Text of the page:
The Fanatics Have Fewer and Fewer Answers
From Christopher Hitchens, participating in a symposium, in Front Page Magazine
, on the inevitabity of Democracy:
Christopher Hitchens: Since the overdue removal of Saddam Hussein, and the extraordinary elections in Afghanistan, there have been unmistakeable signs of democratic and modernising tendencies in Syria, in Lebanon and in Iran. One cannot therefore capitulate to fatalism and say that Islamic societies are immune to the common human wish for a civilized, law-governed, open society. To that extent, Mr. Sharansky is quite right, and it is very moving to see that the ideas of Academician Sakharov can be promulgated and re-transmitted in this way. Sharansky was also quite correct in pointing out the authoritarian subtext of the so-called "Oslo accords", and would no doubt agree that Arab Palestinian members of the Knesset were demonstrating the virtues of democracy, often against considerable odds, even when many of them were Communists.
Many of those Palestinian leftists and democrats were and are Christian, which brings me to another point. The Muslim world, especially under Turkish rule, was often exemplary in its attitude to minorities. But the contemporary Arab world is not. The Berbers, the Copts, the Jews, the Kurds, the Maronites....it's an awful record, which we do nothing to improve when we unconsciously accept the claim that Iraq, say, is an Arab and Muslim state when it is, in reality, no more so than America is a white and Christian one.
The critical argument concerns the possibility, to put it no higher, of a "Reformation" within Islam. In one sense, this is unlikely, because - rather to its credit - Islam has no Papacy or clergy which can simply ordain a change of doctrine or a revision of faith. However, from Indonesia to Western Europe, there is a struggle over the interpretation of the religion and its book, and the adaptation of both to other cultures and to modernity in general. The "fit" between this and democratization is not by any means an exact one, because it very often happens that the "reformers", like our Puritan forebears, are more exacting in their religious zeal than some of the Islamic regimes that they seek to challenge.
However, the process has at least begun, and the fanatics have fewer and fewer answers, which is why they employ ever-crueller and more stupid tactics. We must be ready at all times and in all ways to lend a hand in forwarding and encouraging this debate, which is why the nonsensically-named "war on terror" is actually a struggle, as an earlier Russian hero put it, "for your freedom - and ours".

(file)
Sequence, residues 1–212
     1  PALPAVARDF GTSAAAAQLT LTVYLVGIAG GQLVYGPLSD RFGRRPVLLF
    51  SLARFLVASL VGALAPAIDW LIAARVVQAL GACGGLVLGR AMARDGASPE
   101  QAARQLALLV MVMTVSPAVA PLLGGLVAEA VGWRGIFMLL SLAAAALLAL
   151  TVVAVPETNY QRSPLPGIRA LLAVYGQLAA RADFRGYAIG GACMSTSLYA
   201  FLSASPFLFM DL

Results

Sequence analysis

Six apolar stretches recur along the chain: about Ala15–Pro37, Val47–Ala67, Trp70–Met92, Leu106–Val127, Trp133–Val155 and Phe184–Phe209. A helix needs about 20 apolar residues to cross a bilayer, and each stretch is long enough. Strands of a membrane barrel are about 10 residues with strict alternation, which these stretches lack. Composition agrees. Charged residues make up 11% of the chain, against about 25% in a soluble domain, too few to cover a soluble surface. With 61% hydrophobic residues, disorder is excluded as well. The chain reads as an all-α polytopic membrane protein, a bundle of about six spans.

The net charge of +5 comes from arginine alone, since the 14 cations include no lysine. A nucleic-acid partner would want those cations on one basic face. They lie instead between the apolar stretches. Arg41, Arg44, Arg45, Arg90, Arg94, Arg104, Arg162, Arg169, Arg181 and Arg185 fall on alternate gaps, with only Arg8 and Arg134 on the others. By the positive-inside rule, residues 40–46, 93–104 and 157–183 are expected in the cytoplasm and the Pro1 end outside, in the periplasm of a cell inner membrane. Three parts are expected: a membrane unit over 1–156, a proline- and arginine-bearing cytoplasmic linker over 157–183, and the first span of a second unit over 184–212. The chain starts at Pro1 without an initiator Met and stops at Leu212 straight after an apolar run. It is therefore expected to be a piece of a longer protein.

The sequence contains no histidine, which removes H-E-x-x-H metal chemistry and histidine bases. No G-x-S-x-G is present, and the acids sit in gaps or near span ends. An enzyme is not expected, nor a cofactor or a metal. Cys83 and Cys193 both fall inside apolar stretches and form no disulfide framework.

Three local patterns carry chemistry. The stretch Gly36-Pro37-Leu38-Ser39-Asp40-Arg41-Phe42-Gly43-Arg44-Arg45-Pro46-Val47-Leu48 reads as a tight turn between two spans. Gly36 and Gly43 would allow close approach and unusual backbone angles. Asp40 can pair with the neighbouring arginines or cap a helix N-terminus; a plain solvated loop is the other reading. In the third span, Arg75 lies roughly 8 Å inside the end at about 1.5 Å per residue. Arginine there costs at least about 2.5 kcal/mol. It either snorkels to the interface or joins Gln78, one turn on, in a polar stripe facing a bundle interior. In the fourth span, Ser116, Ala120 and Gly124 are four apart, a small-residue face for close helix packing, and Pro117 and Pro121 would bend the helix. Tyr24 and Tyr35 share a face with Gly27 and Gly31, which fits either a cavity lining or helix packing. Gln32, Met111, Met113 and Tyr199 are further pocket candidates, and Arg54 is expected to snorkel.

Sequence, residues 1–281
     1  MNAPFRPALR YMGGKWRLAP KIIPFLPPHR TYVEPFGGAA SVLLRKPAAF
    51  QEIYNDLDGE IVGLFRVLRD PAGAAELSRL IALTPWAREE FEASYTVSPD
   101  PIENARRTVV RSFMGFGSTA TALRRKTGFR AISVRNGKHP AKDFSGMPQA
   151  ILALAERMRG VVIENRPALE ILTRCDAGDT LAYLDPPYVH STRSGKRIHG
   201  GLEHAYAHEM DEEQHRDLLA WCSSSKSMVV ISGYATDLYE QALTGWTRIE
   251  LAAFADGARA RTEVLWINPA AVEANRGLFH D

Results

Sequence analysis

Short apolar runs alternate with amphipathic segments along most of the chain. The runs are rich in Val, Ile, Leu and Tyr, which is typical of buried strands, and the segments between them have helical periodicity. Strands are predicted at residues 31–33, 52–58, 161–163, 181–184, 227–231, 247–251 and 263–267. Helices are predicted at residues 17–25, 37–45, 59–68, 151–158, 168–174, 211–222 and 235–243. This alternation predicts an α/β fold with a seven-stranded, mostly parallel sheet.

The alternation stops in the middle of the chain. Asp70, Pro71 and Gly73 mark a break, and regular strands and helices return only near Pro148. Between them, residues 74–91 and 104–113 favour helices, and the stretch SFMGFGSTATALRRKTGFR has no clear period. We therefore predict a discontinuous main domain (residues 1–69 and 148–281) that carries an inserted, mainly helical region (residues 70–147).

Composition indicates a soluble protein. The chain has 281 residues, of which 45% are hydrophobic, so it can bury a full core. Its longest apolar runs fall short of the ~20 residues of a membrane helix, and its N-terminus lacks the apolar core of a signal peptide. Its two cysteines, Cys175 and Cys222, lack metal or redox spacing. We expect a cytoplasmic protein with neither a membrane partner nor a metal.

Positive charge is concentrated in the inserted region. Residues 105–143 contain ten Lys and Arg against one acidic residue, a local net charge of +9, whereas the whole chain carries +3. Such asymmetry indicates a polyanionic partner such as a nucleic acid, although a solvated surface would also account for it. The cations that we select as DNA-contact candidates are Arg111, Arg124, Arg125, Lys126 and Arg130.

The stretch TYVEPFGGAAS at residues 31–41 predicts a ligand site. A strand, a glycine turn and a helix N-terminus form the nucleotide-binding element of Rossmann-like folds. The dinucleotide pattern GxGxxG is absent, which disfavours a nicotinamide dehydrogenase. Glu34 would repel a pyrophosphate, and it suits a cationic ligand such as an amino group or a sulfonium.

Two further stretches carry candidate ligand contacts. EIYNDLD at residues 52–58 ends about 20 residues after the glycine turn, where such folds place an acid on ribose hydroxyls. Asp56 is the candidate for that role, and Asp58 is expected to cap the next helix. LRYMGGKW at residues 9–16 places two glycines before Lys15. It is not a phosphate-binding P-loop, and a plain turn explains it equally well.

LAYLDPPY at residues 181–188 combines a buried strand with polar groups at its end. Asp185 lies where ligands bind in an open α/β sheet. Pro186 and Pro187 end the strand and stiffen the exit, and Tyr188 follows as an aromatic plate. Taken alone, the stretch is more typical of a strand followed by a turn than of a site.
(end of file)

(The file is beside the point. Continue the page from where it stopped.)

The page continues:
Clearly, there is a tendency in human beings to see their enemies as monolithic, unchanging, and all-powerful. Being that our enemies are human beings, constrained by the same forces of humanity and nature as we, this is never the case. Hitchens here makes a great point that as we provide more and more positive answers for the Muslim world, the Islamofascists reasoning will come to look increasingly inhuman and barbaric to the peoples of the Arab World.
Wretchard, from Belmont Club, discusses
Paul Campos' editorial stating that Ward Churchill is a fascist:
The most interesting part of Professor Campos' article lies in his description of fascism, all the elements of which, he argues, are present in Churchill's work.
As a political inclination and an aesthetic style, fascism is marked by, among other things, the following characteristics:
The worship of violence as a purifying social force.
A hyper-nationalistic ideology, that casts history into a drama featuring an inevitably violent struggle between Good and Evil, and that obsesses on questions of racial and ethnic identity.
The dehumanization and scapegoating of opponents ... demands that the evil in our midst be eradicated "by any means necessary," up to and including the mass extermination of entire nations and peoples.
The treatment of moral responsibility as a fundamentally collective matter.